“WE ARE civilised people. Go back to your police stations in peace”.
This was the plea of one local resident over a megaphone to dozens of police surrounding a van in Kenmure Street, Glasgow. The van contained two of his neighbours, picked up the morning of 13 May, the second day of the Muslim holy time of Eid al-Fitr.
At lightning speed, suggesting a very high degree of organisation on behalf of anti-eviction and tenants groups in the city, the van was surrounded by protestors who refused to allow it to leave. Within hours, several hundred local residents and supporters were swarming over Kenmure Street in the Pollokshields area, creating a stand-off with an escalating Police Scotland force, who rapidly assembled to deal with the protestors.
As chants of “these are our neighbours, let them go” echoed up and down the street, residents appeared at their windows and doors to join in. For several hours, officers stood in silence or instigated the sporadic shoving and jostling of peaceful protestors.
Scottish Justice Secretary Humza Yousaf today criticised ”this UK Border Force Operation, in Polloksheilds, the heart of the Muslim community, on Eid” as “a demonstration of the UK Govt’s hostile environment.”
This is not wrong. What he forgot to mention was that the vast majority of officers present were from Police Scotland, and that it would clearly have been impossible without their support. In other words, the ‘Hostile Environment’ policy, organised chiefly by UK Home Secretary Priti Patel, can only operate in Scotland with the cooperation of devolved institutions – chiefly, the Scottish Government’s tailormade national police force.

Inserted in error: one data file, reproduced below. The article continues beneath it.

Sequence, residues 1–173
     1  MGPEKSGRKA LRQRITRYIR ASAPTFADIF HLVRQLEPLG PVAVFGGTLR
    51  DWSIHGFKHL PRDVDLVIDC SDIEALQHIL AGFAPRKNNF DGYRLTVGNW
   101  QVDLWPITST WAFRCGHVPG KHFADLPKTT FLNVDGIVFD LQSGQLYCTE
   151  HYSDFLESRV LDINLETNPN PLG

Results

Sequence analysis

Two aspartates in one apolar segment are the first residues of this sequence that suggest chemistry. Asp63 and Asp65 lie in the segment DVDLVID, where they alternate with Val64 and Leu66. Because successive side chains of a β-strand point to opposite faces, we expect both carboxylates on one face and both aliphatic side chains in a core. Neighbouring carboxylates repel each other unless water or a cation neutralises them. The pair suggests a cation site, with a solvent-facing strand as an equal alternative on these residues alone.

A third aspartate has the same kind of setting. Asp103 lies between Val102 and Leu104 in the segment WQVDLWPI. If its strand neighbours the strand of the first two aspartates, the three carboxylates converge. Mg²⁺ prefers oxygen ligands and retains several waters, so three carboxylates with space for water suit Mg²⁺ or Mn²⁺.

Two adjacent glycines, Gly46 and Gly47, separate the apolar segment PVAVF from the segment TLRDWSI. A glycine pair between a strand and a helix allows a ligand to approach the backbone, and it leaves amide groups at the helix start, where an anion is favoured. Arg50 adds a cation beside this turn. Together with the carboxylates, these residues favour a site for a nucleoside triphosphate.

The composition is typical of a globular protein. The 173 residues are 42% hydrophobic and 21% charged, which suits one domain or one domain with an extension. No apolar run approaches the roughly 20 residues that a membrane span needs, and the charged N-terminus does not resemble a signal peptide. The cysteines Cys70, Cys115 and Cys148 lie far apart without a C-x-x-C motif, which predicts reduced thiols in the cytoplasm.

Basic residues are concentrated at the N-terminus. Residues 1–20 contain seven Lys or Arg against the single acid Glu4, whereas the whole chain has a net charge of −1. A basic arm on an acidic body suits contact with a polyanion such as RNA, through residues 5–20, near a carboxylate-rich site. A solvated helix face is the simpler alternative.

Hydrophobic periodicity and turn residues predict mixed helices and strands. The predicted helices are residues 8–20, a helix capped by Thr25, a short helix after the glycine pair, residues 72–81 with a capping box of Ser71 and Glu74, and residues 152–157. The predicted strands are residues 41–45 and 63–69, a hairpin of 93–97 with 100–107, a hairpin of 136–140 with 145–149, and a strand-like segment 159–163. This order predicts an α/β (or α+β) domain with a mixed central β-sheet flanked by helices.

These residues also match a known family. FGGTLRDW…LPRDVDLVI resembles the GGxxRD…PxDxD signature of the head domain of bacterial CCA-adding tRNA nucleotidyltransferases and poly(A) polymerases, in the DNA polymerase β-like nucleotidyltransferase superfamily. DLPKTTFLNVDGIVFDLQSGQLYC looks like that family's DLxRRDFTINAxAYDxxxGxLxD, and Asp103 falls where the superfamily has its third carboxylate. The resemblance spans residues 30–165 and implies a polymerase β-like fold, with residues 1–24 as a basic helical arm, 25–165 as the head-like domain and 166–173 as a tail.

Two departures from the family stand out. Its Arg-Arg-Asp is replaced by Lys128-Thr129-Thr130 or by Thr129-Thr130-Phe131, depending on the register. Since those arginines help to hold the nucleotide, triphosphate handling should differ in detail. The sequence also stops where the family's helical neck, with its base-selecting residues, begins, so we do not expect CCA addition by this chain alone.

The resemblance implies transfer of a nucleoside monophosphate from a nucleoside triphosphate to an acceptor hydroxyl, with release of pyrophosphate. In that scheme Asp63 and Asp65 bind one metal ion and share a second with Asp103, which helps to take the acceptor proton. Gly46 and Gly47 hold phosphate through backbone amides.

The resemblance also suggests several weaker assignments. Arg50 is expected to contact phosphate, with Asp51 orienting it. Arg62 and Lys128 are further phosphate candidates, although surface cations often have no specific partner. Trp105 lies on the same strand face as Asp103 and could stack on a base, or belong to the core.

Police Scotland confirmed their attendance with a short statement: “Around 9.55 am this morning, Thursday, 13 May, 2021, police were called to an address in Kenmure Street, Pollokshields, following a protest by a large group of people.”
Why such a provocative act in the Muslim community on Eid – is it ignorance, or a direct attempt to humiliate or insult? The truth is probably that border police often launch their operations to coincide with family festivals or even weddings or birthdays, because the are more likely to know the whereabouts of various members of the community at this time.
In any event, it represents an astonishingly brazen act – an attack on the heart of Scotland’s Muslim community during Eid, as violence escalates against Gaza in Palestine. Indeed, many people at the protest were organically drawing the issues together; a Palestine flag appeared, and one local Muslim resident used a megaphone to call on his community to set aside Eid celebrations until the standoff was over.
To wild applause he said: “The British state tell people from Afghanistan, Syria and Iraq to ‘go back home’. You have destroyed our homes.”
One of the local community organisers then pledged to resist every eviction, indicating an awareness that this is only the start.
The UK Government Queen’s Speech (Tuesday 11 May) unveiled a range of measures to simultaneously crack down on protest and enhance Theresa May’s infamous Hostile Environment policy. This is what draws together announced plans to introduce voter ID (despite a tiny degree of voter fraud in the UK’s well-established electoral system), ban public sector bodies from engaging in Boycott, Divestment and Sanctions (BDS) of foreign powers (principally Israel), increase crackdowns on protest rights, and ramp up deportations.